There are several blog entry ideas from our training site, which we did not have time to complete during pre-service training. But they represent an interesting facet of life here in Bulgaria. Therefore, from time to time, you will see Blogs which do not represent our lives here in Plovdiv, but things that have happened to us during training. This is one of those entries.
The kitchen of my host family is on the lower “half basement” floor. This is also the level where all of the canned foods, wine, and rakia (a kind of “white lighting”) are stored. The kitchen is small compact, and functional. It is also where the old wood cook stove is located. The newer electric stove which they use is located in the small hall just outside of the kitchen. In the winter, the wood stove provides heat, as well as a surface to cook on. This wood stove looks just like pictures I have seen of the wood stoves used in the US more than 100 years ago. I had never seen one of these working, but I had certainly used many of our wood heating stoves to heat (or simmer) foods on when we lived in New Hampshire.
Early during our training, I came home to find Yancho putting a new wood cook stove in the back yard. This new one looked just like the one in the kitchen, so I assumed (incorrectly) that the old one in the kitchen was moved into the back yard, and that here would be a new stove in the basement. But…. that was not the case. The one in the kitchen was still there. And I was left puzzling about why we had this nice wood cook stove out next to the chicken coop.
While I was trying to figure this out, Yancho was busy putting the finishing touches on the stove installation. He made sure that it was level, checked all the door hinges to make sure they opened and closed easily, and decided we need to have a “test” fire in the stove. We needed to do some work on the door hinge where we put the wood, but otherwise, the smoke went up the short 6 foot makeshift metal flue, and the top of the stove got hot very quickly.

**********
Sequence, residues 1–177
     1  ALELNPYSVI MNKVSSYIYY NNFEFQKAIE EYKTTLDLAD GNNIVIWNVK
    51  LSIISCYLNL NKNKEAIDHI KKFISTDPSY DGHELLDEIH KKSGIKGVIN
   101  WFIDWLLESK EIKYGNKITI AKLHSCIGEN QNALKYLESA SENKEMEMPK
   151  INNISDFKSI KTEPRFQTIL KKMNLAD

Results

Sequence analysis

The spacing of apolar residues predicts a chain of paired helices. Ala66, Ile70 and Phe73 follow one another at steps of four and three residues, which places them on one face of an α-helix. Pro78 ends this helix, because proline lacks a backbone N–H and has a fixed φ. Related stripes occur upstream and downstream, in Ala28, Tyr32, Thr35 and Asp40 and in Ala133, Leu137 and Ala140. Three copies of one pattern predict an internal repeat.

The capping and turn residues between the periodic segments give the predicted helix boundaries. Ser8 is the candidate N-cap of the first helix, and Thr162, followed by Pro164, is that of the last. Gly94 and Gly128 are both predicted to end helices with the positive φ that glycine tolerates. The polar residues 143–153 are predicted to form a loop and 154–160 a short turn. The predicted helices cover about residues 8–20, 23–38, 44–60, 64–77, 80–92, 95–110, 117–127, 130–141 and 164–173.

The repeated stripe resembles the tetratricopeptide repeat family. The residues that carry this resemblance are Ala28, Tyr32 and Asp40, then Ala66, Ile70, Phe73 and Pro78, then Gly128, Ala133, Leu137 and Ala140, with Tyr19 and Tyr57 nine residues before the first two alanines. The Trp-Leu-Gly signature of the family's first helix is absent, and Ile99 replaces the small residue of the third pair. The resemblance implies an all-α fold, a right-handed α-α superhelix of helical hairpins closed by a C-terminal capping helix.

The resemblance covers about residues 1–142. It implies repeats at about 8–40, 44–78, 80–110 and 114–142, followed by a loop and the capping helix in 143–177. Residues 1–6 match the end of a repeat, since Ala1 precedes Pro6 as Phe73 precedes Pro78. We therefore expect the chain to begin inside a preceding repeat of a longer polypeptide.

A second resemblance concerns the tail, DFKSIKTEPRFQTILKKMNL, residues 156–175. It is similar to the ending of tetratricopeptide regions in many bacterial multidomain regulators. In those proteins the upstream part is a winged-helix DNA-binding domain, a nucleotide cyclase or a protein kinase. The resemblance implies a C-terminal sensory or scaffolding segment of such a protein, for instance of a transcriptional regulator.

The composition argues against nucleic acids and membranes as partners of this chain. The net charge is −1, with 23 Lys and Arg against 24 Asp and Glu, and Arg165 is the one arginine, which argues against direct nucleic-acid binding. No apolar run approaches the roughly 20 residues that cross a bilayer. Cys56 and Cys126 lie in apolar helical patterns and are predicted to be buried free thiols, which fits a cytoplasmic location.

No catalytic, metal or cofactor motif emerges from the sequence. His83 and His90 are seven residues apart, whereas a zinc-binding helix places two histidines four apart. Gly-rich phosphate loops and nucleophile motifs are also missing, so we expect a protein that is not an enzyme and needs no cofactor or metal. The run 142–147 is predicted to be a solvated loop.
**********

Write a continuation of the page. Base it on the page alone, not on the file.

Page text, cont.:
But I was still confused about why we had a wood cook stove (and a nice one) in the back yard. All my experience with wood stoves involved heating the house, moving hot air, and making sure we had enough wood to take us through the winter. There was never any reason to heat “the back yard”. Within a week, I would understand.
In the villages in Bulgaria, everyone has gardens, and everyone one puts up (cans) all the food they have. And they have lots. We had more than 120 tomato plants, plus two apple trees, and a pear tree. That did not include all the pepper plants, potatoes, etc. Nor did it include what was gathered (harvested) from the hillsides (things like black berries, raspberries, mushrooms, and what ever else could be eaten).
A few days after the “back yard” wood stove was installed, we had some guests. The guests brought about 20 pounds of strawberries for us. They had been picking in their garden, and had too many berries for themselves . So… we got the extra. The next day when I got home, the mystery of the wood stove was solved. All of the canning is done on this stove. It is efficient. It can be done in summer, and not heat up the house. It does not use any electricity, so it saves money. And the heating surface is large so you are able to can lots of jars at the same time. At my host families home, that would be important.
Now about those axes, and hatchets that appear at the top of the blog. They look old! And I think they are old - - maybe even from medieval days. But… do they ever work well. Yancho would sharpen them by hand, and I think I could shave with them when he was done. I have had a chance to use them, and they split wood as easily as anything I have ever used. It’s just another one of those lessons about “judging a book by it’s cover”. Things don’t always look as they appear here in Bulgaria. But it is always “interesting”.Mike